2017-18 Season

A Statistical Dive into the Wolves’ Historic 4th Quarter Ineptitude

On Saturday night, the Minnesota Timberwolves blew a 15 point lead and lost to the Phoenix Suns at home. They were outscored 31-to-25 in the fourth quarter, but the poor showing barely registers on the season-long ledger of embarrassing performances in the final periods of games. On November 28th, they squandered a 13-point lead at home against the John Wall-less Wizards, and lost the fourth by a 24-to-18 margin. On the 22nd, Minnesota lost the closing frame 38-to-18, bumbling a 26-point lead all the way down to 6 before ultimately salvaging the victory. Two days prior, it was the Hornets kicking the Wolves’ teeth in during the fourth, 34-to-22. On the 19th, the Pistons, 29-to-17. And on November 11th, it was the lowly Suns, at that point losers of five straight, outscoring Tom Thibodeau’s bunch 33-to-22 in the fourth to snatch away a victory.

Despite the team’s struggles closing games, they’re still 17-13 and on a 46-win pace, which would almost certainly land them a playoff spot (and perhaps even a  in the weaker-than-expected Western Conference. The playoffs are, many say, the only benchmark that matters, and everything else is just noise. And since the franchise has missed out on the postseason every year since 2004, it’s hard to argue the matter too profusely.

But then again…

… the Wolves aren’t just bad late in games. They’re historically bad. Currently, they’re being outscored by 11.6 points per 100 possessions in fourth quarters. You have to go back to the 2011-12 Charlotte Bobcats, who went 7-59 in that strike-shortened season, to find a team so inept in final periods. (Fat Boris Diaw, Michael Jordan’s Friend’s Kid, Rookie Kemba Walker, Rookie Bismack Biyombo and the rest of that ‘Cats team were outscored by 13.0 points per 100 possessions in fourth quarters.)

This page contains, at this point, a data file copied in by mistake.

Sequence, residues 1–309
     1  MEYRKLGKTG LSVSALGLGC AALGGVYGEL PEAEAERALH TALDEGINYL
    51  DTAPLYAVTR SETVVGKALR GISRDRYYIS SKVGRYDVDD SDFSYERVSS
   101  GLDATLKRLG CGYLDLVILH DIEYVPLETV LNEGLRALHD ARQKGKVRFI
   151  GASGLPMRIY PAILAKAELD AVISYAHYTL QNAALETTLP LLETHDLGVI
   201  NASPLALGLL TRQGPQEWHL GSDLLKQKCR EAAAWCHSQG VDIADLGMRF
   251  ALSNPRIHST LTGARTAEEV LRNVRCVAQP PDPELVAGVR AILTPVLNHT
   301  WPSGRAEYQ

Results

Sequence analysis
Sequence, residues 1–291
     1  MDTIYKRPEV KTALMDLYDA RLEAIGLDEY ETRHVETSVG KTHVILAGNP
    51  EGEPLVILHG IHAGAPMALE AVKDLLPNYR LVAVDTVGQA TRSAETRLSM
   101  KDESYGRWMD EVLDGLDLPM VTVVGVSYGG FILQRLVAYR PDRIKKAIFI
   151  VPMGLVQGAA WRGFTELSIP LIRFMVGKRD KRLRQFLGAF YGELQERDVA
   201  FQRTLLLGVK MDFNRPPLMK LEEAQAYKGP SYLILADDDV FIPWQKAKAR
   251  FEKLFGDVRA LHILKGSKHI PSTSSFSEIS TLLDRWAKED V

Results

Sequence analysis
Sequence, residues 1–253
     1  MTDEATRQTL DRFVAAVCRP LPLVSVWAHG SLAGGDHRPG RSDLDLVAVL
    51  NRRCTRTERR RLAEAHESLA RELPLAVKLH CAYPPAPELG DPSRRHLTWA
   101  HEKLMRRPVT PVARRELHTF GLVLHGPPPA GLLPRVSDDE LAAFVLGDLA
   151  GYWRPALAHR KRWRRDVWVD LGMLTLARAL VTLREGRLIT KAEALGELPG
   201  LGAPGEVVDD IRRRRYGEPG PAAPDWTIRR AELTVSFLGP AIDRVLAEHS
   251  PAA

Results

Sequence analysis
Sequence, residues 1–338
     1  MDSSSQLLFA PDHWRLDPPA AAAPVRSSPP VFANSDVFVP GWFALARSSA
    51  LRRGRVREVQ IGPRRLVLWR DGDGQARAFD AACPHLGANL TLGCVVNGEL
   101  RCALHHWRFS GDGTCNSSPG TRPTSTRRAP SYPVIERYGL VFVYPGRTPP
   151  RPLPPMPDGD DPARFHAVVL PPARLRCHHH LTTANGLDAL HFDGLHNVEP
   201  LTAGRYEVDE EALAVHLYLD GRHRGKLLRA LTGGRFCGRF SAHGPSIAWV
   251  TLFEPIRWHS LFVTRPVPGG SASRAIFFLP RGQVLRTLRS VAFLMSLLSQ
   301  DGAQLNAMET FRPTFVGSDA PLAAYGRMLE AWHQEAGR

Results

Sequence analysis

Obviously, that’s a shocking little piece of trivia, but you don’t even have to go to such extremes to see why these Wolves are so unique, and why their late-game ineptitude is so bizarre and worrisome. But as we sort through teams who’ve performed poorly in fourth quarters, a few interesting comparisons emerge, which may offer some insight into what the Wolves are up against as they attempt to fix it.

We begin here: over the past decade, 54 teams have logged a negative-5.0 or worse 4th quarter Net Rating; just four of them made the postseason, and only two were able to overcome their late-game ineptitude well enough to post had a winning record. All together, those 54 teams averaged 27 victories. Here’s a look at them:

The two teams who managed to put together a winning record despite their poor fourth quarter play were, as the chart shows, the 2014-15 Washington Wizards and the 2010-11 Atlanta Hawks. Tom Thibodeau is attempting to join Randy Wittman and Larry Drew as members of an illustrious group of coaches who steered their teams to winning seasons despite film of their fourth quarter play being best set to the tune of ‘Yakety Sax.’

There were two other teams who managed to stumble into the playoffs while similarly afflicted: the 2012-13 Milwaukee Bucks and the 2010-11 Indiana Pacers. That was back when the tail end of the Eastern Conference playoff standings was truly a joke; the two squads made it in with 38 and 37 wins, respectively, and they combined to go 1-8 in postseason games. But not all four of those teams were alike; when their quarterly ratings are broken down and compared to the current version of the Minnesota Timberwolves, we can see that there are a few different classifications of teams that struggle late. For instance, those Bucks and Pacers teams would bookend solid mid-game play with hilariously inept opening and final quarters:

Whereas that Hawks team was sort of just present for three quarters before being blown apart at the ends of games:

(A note about this Atlanta team – they were actually outscored on the season, yet won 44 games, a statistical quirk I’m actively rooting for the Wolves to duplicate this season.)